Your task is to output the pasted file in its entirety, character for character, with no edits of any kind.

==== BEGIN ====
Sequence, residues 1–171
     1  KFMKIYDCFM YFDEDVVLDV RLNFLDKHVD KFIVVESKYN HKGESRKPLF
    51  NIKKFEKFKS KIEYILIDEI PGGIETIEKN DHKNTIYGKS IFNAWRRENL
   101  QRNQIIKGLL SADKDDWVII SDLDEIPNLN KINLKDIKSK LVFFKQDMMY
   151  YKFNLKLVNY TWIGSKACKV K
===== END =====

Sequence, residues 1–171
     1  KFMKIYDCFM YFDEDVVLDV RLNFLDKHVD KFIVVESKYN HKGESRKPLF
    51  NIKKFEKFKS KIEYILIDEI PGGIETIEKN DHKNTIYGKS IFNAWRRENL
   101  QRNQIIKGLL SADKDDWVII SDLDEIPNLN KINLKDIKSK LVFFKQDMMY
   151  YKFNLKLVNY TWIGSKACKV K